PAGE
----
Confusion surrounding Vladimir Putin’s visit to South Africa for a BRICS Summit, which brings together the world’s major southern economies, seems to have been resolved.
In a statement published in the South African official gazette, Minister for International Relations Naledi Pandor announced he had approved diplomatic immunity for all participants at the event.
According to the Department of International Relations, conferring immunity is standard practice for all international conferences and summits held in South Africa, regardless of participation levels.
They claim immunities apply to the conference and not to specific individuals.
“These immunities do not override any warrant that may have been issued by any international tribunal against any attendee at the conference,” said the department.
In politics and diplomacy, immunity means being exempt from the laws of a foreign jurisdiction or from prosecution abroad.
Despite being a member of the ICC and subject to its treaties, Putin would not face arrest during his stay in South Africa.
Several solutions were considered for accommodating Putin’s visit during this crucial event, with South Africa’s ruling party seeking to chart its own path geopolitically and ward off Western influence.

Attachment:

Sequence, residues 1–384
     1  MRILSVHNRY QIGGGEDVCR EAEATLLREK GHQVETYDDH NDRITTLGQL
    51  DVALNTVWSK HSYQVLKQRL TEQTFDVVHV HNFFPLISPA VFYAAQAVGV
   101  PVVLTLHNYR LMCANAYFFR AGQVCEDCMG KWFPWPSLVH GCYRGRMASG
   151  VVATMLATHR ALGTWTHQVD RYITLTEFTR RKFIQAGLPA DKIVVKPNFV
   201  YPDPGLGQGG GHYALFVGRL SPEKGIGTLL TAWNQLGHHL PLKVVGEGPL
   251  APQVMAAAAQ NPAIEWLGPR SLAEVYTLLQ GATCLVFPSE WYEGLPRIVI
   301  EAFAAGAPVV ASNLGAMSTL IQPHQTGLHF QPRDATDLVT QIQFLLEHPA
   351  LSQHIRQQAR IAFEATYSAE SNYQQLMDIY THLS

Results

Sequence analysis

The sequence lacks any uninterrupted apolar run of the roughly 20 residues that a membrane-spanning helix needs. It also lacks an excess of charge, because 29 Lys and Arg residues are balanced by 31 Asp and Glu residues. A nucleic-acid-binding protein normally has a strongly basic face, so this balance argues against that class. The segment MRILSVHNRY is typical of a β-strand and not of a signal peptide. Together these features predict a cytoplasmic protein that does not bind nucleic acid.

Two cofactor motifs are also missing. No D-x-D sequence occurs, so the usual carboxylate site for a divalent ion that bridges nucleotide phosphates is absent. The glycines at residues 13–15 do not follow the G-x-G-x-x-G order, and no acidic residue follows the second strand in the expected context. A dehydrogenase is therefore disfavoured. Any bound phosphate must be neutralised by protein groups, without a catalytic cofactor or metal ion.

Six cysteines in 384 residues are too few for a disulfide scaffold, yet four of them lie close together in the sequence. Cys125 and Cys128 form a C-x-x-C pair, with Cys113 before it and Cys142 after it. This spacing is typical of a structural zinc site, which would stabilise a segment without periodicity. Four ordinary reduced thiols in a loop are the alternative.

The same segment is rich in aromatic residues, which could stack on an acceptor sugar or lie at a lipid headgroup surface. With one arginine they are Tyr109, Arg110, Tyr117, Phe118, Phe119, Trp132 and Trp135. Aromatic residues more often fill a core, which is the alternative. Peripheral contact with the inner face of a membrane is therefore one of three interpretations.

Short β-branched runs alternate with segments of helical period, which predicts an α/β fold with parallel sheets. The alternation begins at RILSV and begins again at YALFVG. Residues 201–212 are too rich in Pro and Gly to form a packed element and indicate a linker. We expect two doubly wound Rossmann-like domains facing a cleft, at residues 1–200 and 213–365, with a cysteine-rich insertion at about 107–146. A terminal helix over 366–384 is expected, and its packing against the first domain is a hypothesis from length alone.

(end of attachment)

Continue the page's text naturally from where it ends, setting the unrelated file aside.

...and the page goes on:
Besides economic representatives, the BRICS summit will bring together the leaders of Brazil, Russia, India, China, and South Africa — all countries that have opposed the united Western front against the Kremlin’s invasion of Ukraine.
An arrest warrant for Putin was issued in March by the International Criminal Court (ICC), putting South Africa in an unfavourable position with its trade partners in the West.
It is expected that Russian Foreign Minister Sergei Lavrov will attend the BRICS meeting this week in Cape Town and Pretoria will again discuss Putin’s visit.
Lavrov rejected a proposal made by his South African counterpart for Putin to virtually attend the leadership summit scheduled for August.
Russia’s state-owned TASS news agency reported Moscow had no intention of reneging on its plans to participate in the summit, and that it fully expects Pretoria to deal with issues involving the ICC.
In April, South African President Cyril Ramaphosa announced the ruling African National Congress or ANC party would be withdrawing from the ICC due to the “court’s partiality in relation to certain situations”.
However, his office then walked back the statement and claimed it was “an error in comment”.
“South Africa remains a signatory to the ICC in line with a resolution of the 55th National Conference of the ANC – held in December 2022 – to rescind an earlier decision to withdraw from the ICC.”
In the past, Pretoria failed to act on its commitment to the ICC when Sudanese President Omar al-Bashir evaded arrest in the country during Jacob Zuma’s presidency.
The ICC had a standing warrant of arrest against Al Bashir.
South Africa’s relationship with the US, a key trade partner, has been strained since Pretoria took what it calls a “non-aligned stance” during the Russian invasion of Ukraine.
The situation has been exacerbated by recent public statements by US Ambassador to South Africa Reuben Brigety, claiming South Africa sold arms to Russia.